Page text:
probability distribution. Arriving customers place orders at an intercom station at the back of the parking lot and then drive to the

    service window to pay for and receive their orders. The following three service alternatives are being considered.

     A single-channel operation in which one employee fills the order and takes the money from the customer. The average

    service time for this alternative is 2 minutes.

     A single-channel operation in which one employee fills the order while a second employee takes the money from the

    customer. The average service time for this alternative is 1.25 minutes.

     A two-channel operation with two service windows and two employees. The employee stationed at each window fills

    the order and takes the money for customers arriving at the window. The average service time for this alternative is 2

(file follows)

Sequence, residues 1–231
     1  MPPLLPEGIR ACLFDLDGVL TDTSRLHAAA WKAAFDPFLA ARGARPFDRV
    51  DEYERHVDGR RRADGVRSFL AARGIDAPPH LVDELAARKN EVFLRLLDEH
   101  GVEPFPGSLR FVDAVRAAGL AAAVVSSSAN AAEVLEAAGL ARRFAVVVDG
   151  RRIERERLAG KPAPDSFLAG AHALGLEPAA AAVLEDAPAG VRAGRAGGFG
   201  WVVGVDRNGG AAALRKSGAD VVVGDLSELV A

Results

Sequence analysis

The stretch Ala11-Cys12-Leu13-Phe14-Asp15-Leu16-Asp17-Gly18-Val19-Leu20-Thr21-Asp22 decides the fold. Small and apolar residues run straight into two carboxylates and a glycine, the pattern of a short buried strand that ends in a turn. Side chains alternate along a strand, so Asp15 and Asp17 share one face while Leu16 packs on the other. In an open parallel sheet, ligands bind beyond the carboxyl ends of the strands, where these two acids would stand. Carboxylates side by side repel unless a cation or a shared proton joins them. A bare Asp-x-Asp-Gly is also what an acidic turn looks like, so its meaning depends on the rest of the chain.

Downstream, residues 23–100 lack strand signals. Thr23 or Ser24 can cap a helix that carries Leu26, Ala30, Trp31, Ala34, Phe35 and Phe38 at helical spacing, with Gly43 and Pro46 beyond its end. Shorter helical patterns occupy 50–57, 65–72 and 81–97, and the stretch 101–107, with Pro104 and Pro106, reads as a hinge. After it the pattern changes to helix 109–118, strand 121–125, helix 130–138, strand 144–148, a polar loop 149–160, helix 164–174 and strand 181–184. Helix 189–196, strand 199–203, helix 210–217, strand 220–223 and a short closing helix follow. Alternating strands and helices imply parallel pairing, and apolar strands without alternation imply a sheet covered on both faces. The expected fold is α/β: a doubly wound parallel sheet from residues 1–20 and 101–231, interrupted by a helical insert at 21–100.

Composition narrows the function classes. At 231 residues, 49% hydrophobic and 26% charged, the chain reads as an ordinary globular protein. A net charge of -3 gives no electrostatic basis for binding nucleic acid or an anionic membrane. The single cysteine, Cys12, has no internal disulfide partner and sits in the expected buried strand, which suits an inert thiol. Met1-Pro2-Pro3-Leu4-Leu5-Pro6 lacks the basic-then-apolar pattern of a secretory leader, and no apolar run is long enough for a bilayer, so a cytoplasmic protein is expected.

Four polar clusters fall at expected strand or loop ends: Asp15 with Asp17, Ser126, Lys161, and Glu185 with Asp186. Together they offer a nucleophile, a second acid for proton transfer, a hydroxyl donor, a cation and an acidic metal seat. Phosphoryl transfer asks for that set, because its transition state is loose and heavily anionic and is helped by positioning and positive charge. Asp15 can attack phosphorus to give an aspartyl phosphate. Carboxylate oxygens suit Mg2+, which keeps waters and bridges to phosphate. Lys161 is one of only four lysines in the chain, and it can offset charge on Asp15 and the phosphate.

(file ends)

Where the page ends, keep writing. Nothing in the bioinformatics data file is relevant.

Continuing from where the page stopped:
minutes for each channel.

    All of the following must be carefully analyzed to aid in the economic analysis:

    o Customer waiting time is valued at $25 per hour to reflect that waiting time is costly to the fast food business.

    o The cost of each employee is $6.50 per hour.


    o To account for equipment and space, an additional cost of $20 per hour is attributable to each channel.

Based on the steady-state queueing theory that we have studied in ISE 521, what is the lowest-cost of the 3 designs for the fast

    food business?

     = 24

     System A System B System C

    Characteristic (k = 1, µ = 30) (k = 1, µ = 48) (k = 2, µ = 30)

    a. P 0.2000 0.5000 0.4286 0

    b. L 3.2000 0.5000 0.1524 q

    d. W 0.1333 0.0200 0.0063 q

    d. W 0.1667 0.0417 0.0397

    e. L 4.0000 1.0000 0.9524

    f. P 0.8000 0.5000 0.2286 w

     System C provides the best service, but what about cost?